This past Saturday was the DC Hot Chocolate 15K which, converted to something I can understand, is 9.3 miles. However, according to many who ran the race, the route was technically only 9.1…not that I was complaining because I was hurting, oh, by mile 6! But in reading Facebook comments, many did feel jipped, and I don’t blame them because it was suppose to be a 15K. However, this was not the only thing that went wrong, unfortunately. It seems like everything that could have gone wrong, did.
Let me set the scene.
20,000, that’s twenty thousand, registered participants all trying to make their way into National Harbor at once, with really only one main bridge to get there and no metr0 access. Couple that with apparent accidents on the bridge and you’ve got yourself major gridlock. Now, let’s not forget that we live near Washington DC, where any minor accident on the highway results in major gridlock. But this seemed just like a nightmare.
I say “seemed” because my friends and I were all watching this unfold from the comforts of our hotel room. Yes, the one thing that was done right for this race was done by us. We drove up Friday night, checked into a hotel, walked around National Harbor, enjoyed a nice dinner, slept in a little in the morning (more than we would have if we didn’t stay the night) and stayed in the warmth of our room until the last possible minute.
And we still had to wait over an hour for the race to start.
The 5K started before the 15K, which in itself makes no sense, but even that started an hour late. Then, from what I’m reading, the lead motorcycle took a wrong turn and the runners ran the race backwards. This meant we couldn’t start the 15K until the course was cleared since we were running over the same route.
And speaking of route….if we weren’t running on a major highway, we were running on a very narrow course. Let me remind you….twenty thousand people. I did just hear from my kids’ dentist, who also ran the race, that only about 12,000 people participated because many gave up when they were sitting in traffic, turned around and went home. Either way, 12,000 is still a lot of people and there was a lot of extra energy spent weaving in and out of people, and stopping and starting, because of the crowds on the course. A lot of extra energy I did not have.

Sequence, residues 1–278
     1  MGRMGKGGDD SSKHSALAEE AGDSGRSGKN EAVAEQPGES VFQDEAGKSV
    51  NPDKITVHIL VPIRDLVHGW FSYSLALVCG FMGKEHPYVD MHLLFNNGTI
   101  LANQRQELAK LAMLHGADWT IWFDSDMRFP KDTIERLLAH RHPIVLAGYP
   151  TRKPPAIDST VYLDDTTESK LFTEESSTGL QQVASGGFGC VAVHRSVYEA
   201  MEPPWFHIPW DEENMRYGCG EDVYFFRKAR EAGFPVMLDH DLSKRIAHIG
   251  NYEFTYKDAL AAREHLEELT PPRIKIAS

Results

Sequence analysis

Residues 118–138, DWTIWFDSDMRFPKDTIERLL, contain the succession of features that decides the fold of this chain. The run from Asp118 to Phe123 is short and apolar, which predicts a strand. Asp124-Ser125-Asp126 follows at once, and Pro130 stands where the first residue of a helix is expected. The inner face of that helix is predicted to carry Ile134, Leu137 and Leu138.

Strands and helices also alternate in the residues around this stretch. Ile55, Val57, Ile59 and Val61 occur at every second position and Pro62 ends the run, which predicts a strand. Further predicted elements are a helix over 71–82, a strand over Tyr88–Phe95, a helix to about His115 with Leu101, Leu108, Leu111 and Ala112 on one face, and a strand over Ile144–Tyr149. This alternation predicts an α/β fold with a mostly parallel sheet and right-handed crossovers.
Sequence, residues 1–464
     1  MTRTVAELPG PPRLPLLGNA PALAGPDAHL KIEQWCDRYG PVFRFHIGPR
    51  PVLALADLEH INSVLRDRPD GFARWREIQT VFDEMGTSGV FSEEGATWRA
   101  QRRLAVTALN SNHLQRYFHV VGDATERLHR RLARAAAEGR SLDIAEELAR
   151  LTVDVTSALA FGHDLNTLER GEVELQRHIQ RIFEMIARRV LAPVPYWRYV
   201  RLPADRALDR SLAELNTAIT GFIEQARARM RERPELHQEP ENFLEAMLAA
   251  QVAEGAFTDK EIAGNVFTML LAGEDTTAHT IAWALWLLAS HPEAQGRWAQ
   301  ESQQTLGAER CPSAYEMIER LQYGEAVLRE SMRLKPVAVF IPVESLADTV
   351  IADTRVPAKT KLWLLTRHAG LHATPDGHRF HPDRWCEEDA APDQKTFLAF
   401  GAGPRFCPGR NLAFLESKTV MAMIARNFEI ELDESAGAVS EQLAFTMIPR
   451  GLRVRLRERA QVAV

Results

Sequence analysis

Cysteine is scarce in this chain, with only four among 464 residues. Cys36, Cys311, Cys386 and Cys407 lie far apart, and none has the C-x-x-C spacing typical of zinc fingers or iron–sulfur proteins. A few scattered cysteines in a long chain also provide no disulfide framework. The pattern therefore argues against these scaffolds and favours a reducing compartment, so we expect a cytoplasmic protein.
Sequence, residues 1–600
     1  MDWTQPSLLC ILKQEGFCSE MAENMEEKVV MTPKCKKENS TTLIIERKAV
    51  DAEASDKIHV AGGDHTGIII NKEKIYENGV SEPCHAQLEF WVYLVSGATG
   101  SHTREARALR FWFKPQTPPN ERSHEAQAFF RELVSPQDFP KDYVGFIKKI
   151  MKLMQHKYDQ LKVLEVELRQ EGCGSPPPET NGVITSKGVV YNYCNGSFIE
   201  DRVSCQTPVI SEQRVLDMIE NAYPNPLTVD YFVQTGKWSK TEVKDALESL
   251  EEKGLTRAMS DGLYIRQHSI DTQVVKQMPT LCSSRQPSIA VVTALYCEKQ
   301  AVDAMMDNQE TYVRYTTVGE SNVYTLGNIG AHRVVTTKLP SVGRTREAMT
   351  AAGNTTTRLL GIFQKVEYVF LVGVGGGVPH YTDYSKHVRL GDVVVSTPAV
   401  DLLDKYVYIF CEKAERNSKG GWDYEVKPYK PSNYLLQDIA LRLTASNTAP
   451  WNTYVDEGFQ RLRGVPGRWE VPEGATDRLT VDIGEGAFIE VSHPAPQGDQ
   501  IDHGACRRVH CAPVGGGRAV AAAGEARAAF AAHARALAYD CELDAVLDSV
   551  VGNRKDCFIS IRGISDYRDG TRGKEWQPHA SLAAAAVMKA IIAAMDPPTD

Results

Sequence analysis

Despite all the problems, I feel for that race director. I’m involved in our local Ribbon Run 5K/10K and appreciate the amount of work that goes into a race. We are aiming for 2,000 participants this year, so I can’t imagine the logistical nightmare of a 20,000 participant race. But these guys are pros at this racing business, which is why many people are angry at how poorly everything went down.
Some positive notes about the race:
**I had fun! Spending the evening and race day with some good girlfriends from the neighborhood was a nice getaway. Here’s the National Harbor Christmas tree at night:
**We got a cool jacket as part of our registration packet. Although, the sizing ran real small so everyone was asking for larger sizes. Maybe this was a motivation tactic….larger jacket means you must have gained weight so now you must run faster?
**Post race we received yummy chocolate fondue and hot chocolate, sponsored by Ghirardelli (though not one piece of chocolate in the registration goodie bag, which we thought was odd).
**I completed the race. I didn’t break any personal records or anything. In fact, it’s probably the slowest race I’ve run (that’s a record of some sort, isn’t it?!), but I was completely undertrained so I couldn’t have expected anything better. I was dehydrated and my calves started cramping around mile 6 or 7, so I had to slow down quite a bit, but I finished. And as always, it was a great feeling to complete it.
If you have never experienced that “runner’s high” from completing a race, make it a New Year’s Resolution this year. Start small, aim for a 5K (if you’re local, maybe the Ribbon Run!). If I can do it, I know you can too. Less than 2 years ago I could hardly run a mile, no joke. Now look what I’ve done.
Next up…Rock n Roll Half Marathon in March! Deena and I will be running and raising money for my friend Kimberly’s children, who lost their Navy Seal father in Afghanistan in August.